Design standards that call for minimal road space allocated to bikes are limiting the growth of cycling in the city.
Seattle’s bike infrastructure isn’t keeping up with the city’s ambitious plan to double bicycling as part of its climate goals, writes Ryan Packer in The Urbanist. Packer provides examples of bike lane designs that limit the capacity of lanes, such as bike boxes at intersections that can only accommodate two to three bikes.
“But while the design of bike boxes will absolutely play a small role, there seems to be other, larger considerations looming that look to limit the true potential of the city’s bike network as it continues to grow.” Packer points out that the growing popularity of cargo bikes also signals a need for increased road capacity.
Yet city designs recommend minimum lane widths, putting cyclists in conflict with cars and pedestrians on some of Seattle’s busiest bikeways. “A bike route between Capitol Hill and Pike Place Market is one that clearly needs to accommodate a lot of riders. And yet the protected bike lane being installed right now on Pine Street varies quite a bit in terms of its width on different blocks downtown. Between 7th Avenue and 6th Avenue it narrows to about four-feet wide, raising questions about the city’s ability to maintain it with the electric bike lane sweeper.”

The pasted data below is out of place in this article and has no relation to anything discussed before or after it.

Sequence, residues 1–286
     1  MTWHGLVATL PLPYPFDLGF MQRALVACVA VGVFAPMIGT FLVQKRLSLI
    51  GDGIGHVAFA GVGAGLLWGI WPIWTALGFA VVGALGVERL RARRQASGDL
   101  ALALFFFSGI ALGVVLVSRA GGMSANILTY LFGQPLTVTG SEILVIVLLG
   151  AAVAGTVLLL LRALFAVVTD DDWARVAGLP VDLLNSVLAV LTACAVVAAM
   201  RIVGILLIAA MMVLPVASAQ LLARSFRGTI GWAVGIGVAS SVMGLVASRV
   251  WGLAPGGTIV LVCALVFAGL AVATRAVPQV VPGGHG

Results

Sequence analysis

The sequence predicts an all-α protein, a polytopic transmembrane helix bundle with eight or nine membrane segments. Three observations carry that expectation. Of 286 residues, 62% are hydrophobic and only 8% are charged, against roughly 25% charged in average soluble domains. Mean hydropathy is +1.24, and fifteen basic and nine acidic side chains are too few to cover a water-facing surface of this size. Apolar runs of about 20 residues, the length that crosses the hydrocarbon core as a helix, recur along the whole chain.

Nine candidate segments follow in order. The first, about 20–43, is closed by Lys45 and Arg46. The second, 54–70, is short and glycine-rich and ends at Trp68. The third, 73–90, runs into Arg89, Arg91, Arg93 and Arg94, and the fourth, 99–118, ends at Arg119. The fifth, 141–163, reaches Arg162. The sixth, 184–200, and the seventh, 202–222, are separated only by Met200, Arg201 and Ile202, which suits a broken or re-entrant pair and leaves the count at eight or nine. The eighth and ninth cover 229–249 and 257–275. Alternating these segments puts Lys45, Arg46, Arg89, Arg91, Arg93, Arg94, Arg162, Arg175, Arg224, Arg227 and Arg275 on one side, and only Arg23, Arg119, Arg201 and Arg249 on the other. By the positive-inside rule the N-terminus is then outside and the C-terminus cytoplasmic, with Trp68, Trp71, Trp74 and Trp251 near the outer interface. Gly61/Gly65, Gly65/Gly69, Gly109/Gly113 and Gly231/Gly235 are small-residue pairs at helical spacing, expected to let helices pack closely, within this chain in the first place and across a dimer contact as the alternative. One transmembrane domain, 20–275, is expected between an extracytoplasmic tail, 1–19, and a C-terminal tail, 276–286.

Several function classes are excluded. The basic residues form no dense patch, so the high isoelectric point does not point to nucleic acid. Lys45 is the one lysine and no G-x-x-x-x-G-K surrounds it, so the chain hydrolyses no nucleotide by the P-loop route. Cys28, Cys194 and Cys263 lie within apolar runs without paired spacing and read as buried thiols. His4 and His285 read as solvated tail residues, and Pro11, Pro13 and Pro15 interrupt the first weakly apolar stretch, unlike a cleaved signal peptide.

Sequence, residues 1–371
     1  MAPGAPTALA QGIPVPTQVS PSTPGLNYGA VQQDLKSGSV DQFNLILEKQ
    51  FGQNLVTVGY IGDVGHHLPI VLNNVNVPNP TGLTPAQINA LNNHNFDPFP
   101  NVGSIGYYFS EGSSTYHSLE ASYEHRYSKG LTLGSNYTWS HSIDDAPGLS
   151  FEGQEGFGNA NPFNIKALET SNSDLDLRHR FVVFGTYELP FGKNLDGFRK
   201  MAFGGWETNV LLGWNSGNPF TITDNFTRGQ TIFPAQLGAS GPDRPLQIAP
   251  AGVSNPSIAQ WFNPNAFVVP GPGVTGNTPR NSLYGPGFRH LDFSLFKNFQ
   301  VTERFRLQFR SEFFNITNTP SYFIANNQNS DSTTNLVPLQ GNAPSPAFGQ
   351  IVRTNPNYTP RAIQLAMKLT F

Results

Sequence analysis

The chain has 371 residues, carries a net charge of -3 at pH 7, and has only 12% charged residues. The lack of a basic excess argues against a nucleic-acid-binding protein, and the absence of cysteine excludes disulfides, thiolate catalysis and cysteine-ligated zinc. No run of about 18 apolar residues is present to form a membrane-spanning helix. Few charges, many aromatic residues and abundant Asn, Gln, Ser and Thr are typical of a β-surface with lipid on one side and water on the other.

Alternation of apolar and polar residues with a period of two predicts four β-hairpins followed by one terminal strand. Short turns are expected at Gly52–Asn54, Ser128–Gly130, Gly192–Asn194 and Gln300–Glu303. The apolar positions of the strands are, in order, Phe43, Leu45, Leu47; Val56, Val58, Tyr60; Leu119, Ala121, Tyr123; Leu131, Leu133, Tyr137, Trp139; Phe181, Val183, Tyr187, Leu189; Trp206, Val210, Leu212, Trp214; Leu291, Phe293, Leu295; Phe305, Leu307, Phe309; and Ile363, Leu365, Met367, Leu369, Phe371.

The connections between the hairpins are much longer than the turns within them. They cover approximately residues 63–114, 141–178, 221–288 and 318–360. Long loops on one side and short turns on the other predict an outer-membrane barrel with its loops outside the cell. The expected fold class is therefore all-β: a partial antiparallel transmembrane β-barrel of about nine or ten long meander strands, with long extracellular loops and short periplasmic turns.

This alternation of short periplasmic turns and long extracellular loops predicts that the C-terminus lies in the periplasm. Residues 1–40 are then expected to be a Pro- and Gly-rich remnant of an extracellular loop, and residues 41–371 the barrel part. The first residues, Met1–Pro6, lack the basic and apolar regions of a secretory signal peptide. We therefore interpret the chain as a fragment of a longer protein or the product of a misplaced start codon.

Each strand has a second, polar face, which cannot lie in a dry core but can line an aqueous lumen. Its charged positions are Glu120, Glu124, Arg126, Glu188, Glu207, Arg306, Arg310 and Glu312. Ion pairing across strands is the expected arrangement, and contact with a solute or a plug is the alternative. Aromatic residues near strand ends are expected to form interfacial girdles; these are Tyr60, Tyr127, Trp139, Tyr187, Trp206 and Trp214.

Packer suggests that updated design standards should “leave the idea of ‘minimum’ standard widths behind and push the city to be more forward-thinking about its bikeway (and sidewalk) width standards, with the goal of full alignment with lofty goals laid out in places like the Climate Change Response Framework.”
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